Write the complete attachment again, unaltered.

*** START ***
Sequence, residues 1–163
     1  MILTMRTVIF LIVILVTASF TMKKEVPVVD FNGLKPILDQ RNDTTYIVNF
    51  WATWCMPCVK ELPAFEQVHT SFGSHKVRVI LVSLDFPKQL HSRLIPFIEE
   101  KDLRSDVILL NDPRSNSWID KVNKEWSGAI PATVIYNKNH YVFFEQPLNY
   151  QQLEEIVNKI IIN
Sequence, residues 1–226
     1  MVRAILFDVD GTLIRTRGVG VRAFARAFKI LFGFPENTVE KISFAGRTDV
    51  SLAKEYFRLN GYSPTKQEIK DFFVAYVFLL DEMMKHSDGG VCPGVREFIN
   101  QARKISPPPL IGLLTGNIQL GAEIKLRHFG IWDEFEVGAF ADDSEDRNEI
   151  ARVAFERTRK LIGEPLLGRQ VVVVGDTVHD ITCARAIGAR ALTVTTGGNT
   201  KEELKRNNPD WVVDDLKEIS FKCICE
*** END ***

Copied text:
Sequence, residues 1–163
     1  MILTMRTVIF LIVILVTASF TMKKEVPVVD FNGLKPILDQ RNDTTYIVNF
    51  WATWCMPCVK ELPAFEQVHT SFGSHKVRVI LVSLDFPKQL HSRLIPFIEE
   101  KDLRSDVILL NDPRSNSWID KVNKEWSGAI PATVIYNKNH YVFFEQPLNY
   151  QQLEEIVNKI IIN
Sequence, residues 1–226
     1  MVRAILFDVD GTLIRTRGVG VRAFARAFKI LFGFPENTVE KISFAGRTDV
    51  SLAKEYFRLN GYSPTKQEIK DFFVAYVFLL DEMMKHSDGG VCPGVREFIN
   101  QARKISPPPL IGLLTGNIQL GAEIKLRHFG IWDEFEVGAF ADDSEDRNEI
   151  ARVAFERTRK LIGEPLLGRQ VVVVGDTVHD ITCARAIGAR ALTVTTGGNT
   201  KEELKRNNPD WVVDDLKEIS FKCICE